Three vignettes.

As a teenager on a Church of Scotland Sunday School Teacher Training Course at Carberry Towers I vividly remember being presented with the image of the teacher planting a seed but doing so with no guarantee that they would see any fruit produced. We do what we can in our time and it is God’s Spirit which produces the fruit – only if we are fortunate may we learn of it. If the child remains in the community where we live we may see that seed sprout and fruit.  If they move away then probably not.  Nonetheless the teaching, the planting, is critically important.

At my Ordination in Kirkwall East Church as a Minister of Word and Sacrament, the Moderator of the Presbytery said it would be important for me to remember my call to was to be faithful, not to be successful.  Immediately afterwards another minister came up to me and said, they thought that was rather lacking in confidence, why shouldn’t a call be to be faithful and successful!  Nonetheless, the Moderator’s words echoed with me.  If our primary focus is on attempting to be successful and we forget faithfulness then something of the very essence of the teaching of Jesus Christ is missed.   Surely if we are doing our best to be faithful we can do no more.  Yes, we can long and pray for success for the congregation but that’s outwith our direct control and is in God’s hands.

A number of years ago whilst serving in Parish Ministry in the Presbytery of St Andrews I was privileged to be part of a pilot group which gathered local ministers together to form a cohort for a three-year programme.  It was run by what was then called Macedonian Ministry (now called The Ministry Collaborative).  Ministers met, studied and shared together intentionally. It helped generate and deepen the supportive nature of how we related to each other.  It helped us to think about how to be faithful in mission and service for today. As part of a review, at a discussion with one of the Macedonian Ministry staff members, I expressed a degree of frustration.  I preached week by week, visited the ill and housebound, amongst many other tasks and responsibilities that come with Parish Ministry, but still I saw little growth. They listened and simply and clearly offered support for what I was doing.  Yes, have an eye on the future, yes, seriously engage with change, but yes also to valuing and cherishing the existing congregation. They affirmed the importance of preaching and pastoral care.  They affirmed how important it was to do our best to be faithful.  Their response echoed the words I heard decades previously at Carberry and Kirkwall.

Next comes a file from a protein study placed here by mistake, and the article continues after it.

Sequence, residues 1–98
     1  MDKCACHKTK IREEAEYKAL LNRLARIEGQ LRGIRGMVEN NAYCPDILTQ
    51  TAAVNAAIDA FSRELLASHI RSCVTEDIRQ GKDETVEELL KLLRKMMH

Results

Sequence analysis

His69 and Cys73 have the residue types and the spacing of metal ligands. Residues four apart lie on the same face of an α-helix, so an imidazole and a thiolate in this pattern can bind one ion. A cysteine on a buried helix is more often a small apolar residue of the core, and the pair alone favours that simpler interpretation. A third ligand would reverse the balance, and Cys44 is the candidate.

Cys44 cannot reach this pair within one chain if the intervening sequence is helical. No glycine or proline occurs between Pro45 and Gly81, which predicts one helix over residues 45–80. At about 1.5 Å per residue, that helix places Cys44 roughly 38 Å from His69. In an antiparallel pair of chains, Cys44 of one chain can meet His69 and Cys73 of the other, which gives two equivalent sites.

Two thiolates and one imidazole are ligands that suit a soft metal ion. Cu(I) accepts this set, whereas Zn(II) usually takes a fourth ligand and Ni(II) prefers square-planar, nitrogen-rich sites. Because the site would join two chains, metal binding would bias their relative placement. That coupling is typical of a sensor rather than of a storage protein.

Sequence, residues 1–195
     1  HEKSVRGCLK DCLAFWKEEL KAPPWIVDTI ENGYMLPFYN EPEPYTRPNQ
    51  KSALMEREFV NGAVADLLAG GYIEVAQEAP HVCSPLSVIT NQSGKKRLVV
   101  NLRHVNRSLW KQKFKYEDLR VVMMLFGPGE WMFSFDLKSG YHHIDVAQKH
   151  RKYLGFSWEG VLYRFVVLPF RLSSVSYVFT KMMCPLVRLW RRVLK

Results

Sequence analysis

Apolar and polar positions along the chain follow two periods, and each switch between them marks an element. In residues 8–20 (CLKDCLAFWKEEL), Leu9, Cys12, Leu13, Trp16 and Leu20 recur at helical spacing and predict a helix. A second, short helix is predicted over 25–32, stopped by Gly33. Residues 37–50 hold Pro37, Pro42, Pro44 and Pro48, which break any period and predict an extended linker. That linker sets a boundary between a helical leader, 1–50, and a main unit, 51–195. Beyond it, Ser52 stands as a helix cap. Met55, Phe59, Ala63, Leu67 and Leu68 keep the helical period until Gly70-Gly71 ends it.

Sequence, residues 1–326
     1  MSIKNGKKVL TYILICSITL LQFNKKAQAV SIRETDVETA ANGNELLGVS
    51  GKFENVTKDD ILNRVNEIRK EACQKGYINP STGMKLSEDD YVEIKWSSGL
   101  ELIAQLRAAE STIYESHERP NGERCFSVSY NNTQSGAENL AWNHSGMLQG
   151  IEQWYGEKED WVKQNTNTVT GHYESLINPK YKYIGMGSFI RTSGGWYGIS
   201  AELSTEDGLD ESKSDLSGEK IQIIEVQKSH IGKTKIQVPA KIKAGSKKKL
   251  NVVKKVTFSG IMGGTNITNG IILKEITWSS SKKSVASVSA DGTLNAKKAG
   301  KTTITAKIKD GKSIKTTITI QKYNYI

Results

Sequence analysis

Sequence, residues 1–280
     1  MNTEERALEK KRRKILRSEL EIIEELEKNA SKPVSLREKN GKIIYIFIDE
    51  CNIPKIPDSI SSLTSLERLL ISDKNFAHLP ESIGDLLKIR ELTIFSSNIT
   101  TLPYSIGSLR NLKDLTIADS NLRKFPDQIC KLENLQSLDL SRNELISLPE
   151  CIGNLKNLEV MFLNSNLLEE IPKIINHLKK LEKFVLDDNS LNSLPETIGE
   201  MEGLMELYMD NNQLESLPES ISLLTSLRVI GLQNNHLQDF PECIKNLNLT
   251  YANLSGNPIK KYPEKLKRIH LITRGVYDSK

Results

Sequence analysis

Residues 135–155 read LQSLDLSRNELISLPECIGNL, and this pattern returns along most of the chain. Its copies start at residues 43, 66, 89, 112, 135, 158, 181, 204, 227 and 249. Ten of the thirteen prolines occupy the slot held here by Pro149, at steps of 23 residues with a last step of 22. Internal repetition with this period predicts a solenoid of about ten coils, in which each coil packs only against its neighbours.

Ultimately we are called to be faithful.  That doesn’t mean we cannot yearn, pray and look for successful growth.  We try our best to follow the teaching of Jesus Christ and then in trust we have to hand it over to God, who will take what is planted faithfully and then offer the sunshine and rain.

May we be faithful and then wait, trusting in God that fruit will follow.

Rev Allan McCafferty, Ministries Support Operations Manager